Few gaming fans who have been waiting for a solid and respectable video game-to-cinema release have come to terms with the fact that great movies come from great scripts. Great scripts come from great stories, and I’m sorry to have to say this, but most video games don’t have those. Sadly, the ones that do are of a sort that don’t translate too well to film in most cases. Software’s Dark Souls has, in my assessment, one of the best written and best executed stories in the whole of the medium, but because it is framed in a way that demands interactive play, I don’t see how a film (or even a Netflix series for that matter) could do it justice. I’m perfectly happy to be proven wrong on this (hint-hint, wink-wink, nudge-nudge).
Sonic is one such game title that never tries to boast anything about itself with regard to its story. That’s not necessarily to say that an acceptable film project cannot be drawn out of it. The fundamental plot is simple and easily recognizable enough to engage any viewer, no matter how young or jaded. One might posit that what’s on offer at base in the ongoing fight between the Blue Blur and his archnemesis, Dr. Robotnik (Dr. Eggman in Japan) is no more sophisticated than a repetitive series of chases between a hyper-confident speedy rapscallion foiling the plots of a tech-savvy gadgeteer who just can’t catch him despite all wit and weapons at the ready. Be that as it may, I’m sure we’ve all done just fine enjoying a Wile E. Coyote/Roadrunner cartoon in spite of—or perhaps because of—that.
It’s not a stretch to say that trying to render out a Chuck Jones animated short into something resembling a sensible feature-length production is a bit of a stretch. Couple that inherent difficulty with the disastrously bad first impression made with the infamous first trailer that dropped earlier last year, and it’s honestly a miracle that Jeff Fowler’s feature debut is even watchable. I am pleased to inform you, dear reader, that Sonic the Hedgehog is not only bearable, but much more fun than I was ever expecting it to be.
With the lingering aura of the live-action Smurfs and Alvin & The Chipmunks movies still scalding my memory despite almost never giving any full due diligence to any of those releases, I was stunned to leave this movie not only feeling unviolated, but thoroughly satisfied. Sonic doesn’t aim to win awards or to go down in history as one of the greats of the medium. Its only ambition is be fun and be loved for it. It accomplishes this in just about every dimension, and in many ways, I’d say it’s a step up in quality over last year’s unexpectedly charming video game adaptation, Pokémon Detective Pikachu. I have to keep reminding myself that we are now in the post-Castlevania era, so catastrophically bad video game movies and shows are no longer as acceptable as they once were.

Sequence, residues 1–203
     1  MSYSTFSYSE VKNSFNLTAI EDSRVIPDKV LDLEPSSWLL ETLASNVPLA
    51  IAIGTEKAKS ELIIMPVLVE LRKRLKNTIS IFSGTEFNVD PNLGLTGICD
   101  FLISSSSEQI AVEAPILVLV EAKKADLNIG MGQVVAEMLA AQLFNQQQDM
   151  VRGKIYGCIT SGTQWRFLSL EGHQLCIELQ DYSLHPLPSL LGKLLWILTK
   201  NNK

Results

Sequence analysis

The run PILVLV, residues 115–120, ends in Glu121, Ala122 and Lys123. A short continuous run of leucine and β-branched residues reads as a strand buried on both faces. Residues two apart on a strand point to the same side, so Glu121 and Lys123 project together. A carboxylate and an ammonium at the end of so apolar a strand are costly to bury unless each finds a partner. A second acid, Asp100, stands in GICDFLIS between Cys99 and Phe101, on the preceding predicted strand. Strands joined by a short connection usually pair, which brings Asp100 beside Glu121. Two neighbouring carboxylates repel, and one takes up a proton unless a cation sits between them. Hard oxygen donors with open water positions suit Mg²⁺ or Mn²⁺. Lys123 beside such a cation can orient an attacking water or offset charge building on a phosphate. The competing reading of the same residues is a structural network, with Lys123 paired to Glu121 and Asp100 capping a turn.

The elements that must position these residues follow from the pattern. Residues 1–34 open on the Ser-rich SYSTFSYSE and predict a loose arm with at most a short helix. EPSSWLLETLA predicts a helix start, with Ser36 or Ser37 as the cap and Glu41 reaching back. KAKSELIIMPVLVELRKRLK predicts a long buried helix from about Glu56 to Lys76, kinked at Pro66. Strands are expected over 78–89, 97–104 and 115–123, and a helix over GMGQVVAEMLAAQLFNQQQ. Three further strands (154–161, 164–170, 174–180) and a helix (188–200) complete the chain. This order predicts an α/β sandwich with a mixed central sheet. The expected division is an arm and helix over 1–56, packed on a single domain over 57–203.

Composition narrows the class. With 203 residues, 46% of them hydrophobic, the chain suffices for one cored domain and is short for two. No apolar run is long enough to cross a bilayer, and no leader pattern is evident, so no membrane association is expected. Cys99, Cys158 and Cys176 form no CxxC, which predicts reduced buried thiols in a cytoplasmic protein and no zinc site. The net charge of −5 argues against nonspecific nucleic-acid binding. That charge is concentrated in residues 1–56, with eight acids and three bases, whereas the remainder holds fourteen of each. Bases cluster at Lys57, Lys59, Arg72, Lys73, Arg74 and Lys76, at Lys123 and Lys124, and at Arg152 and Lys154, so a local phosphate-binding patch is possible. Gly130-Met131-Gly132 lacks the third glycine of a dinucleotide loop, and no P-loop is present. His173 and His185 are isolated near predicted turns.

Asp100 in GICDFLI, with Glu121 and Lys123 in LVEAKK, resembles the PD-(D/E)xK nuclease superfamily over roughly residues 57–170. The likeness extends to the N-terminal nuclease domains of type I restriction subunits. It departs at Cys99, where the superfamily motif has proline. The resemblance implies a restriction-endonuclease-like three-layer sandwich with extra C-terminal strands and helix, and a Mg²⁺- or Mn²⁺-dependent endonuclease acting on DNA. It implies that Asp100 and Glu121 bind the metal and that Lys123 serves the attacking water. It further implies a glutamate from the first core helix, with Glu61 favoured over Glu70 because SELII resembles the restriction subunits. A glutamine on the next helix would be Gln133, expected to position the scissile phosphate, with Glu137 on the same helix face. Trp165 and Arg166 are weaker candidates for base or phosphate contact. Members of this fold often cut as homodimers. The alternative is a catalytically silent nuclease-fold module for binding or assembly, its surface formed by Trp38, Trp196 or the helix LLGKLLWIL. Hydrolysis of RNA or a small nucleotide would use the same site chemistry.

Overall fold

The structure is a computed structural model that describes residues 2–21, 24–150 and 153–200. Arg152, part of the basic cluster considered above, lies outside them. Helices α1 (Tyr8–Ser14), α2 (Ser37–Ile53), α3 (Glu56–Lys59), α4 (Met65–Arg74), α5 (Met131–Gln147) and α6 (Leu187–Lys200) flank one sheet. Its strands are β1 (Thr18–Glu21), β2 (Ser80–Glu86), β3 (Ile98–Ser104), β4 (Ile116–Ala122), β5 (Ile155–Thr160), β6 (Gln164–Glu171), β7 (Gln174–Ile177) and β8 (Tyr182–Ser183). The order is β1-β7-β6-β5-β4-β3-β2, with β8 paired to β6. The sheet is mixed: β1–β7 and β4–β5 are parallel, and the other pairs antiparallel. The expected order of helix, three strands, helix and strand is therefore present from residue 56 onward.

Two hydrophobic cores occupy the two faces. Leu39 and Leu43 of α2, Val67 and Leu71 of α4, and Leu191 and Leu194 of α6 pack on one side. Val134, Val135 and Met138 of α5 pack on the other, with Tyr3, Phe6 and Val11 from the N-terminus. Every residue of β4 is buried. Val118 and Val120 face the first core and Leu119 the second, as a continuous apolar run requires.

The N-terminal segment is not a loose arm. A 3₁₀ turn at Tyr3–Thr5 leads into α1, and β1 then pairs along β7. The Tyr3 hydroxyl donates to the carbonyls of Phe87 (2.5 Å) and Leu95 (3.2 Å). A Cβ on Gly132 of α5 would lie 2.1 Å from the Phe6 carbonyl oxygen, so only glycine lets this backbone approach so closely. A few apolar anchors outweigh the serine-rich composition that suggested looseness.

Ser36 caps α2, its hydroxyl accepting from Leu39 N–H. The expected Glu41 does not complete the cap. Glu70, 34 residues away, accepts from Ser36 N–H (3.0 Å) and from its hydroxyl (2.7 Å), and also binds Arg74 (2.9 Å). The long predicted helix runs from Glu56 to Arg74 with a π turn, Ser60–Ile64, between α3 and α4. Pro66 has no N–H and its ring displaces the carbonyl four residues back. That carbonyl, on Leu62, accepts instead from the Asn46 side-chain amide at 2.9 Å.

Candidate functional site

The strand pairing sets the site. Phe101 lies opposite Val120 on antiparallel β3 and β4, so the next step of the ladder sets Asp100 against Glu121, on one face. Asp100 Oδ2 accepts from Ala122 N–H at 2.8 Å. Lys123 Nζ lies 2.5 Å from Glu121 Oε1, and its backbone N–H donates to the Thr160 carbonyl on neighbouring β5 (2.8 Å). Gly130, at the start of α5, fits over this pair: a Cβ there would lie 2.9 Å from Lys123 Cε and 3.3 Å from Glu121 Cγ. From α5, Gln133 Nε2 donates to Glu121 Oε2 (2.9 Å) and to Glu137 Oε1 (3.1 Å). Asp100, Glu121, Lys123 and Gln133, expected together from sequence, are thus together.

How does Fowler manage this with a screenplay penned by Pat Casey and Josh Miller? We’re given a very rudimentary origin story of the blue-furred speed demon (voiced by Ben Schwartz) growing up under the custody of Longclaw the Owl (Donna Jay Fulks playing a character never before seen in any Sonic game I played growing up) on his home planet. Sonic possesses a keen power that is sought after by many others on the planet, and that puts him in the crosshairs of a tribe of echidnas that make an attempt at capturing him. Things get too dire for Sonic to be safe on his home planet anymore, so Longclaw hands him a bag of the iconic golden rings that here act as portals to other planets.
As it’s expected to turn out, Sonic finds himself as an extraterrestrial refugee on Earth, and grows up hiding in the woods near the small gas station town of Green Hills, Montana (an explicit nod to “Green Hill Zone”, the first level in the original Sonic the Hedgehog title) while maintaining some semblance of connection with the human population through acts of spying and eavesdropping. For unclear reasons, he develops a particular affinity for a local sheriff named Tom Wachowski (James Marsden) and his wife, the veterinarian Maddie (Tika Sumpter), and gives most of his time to play acting as though he’s an active participant in their sweet and humble home life.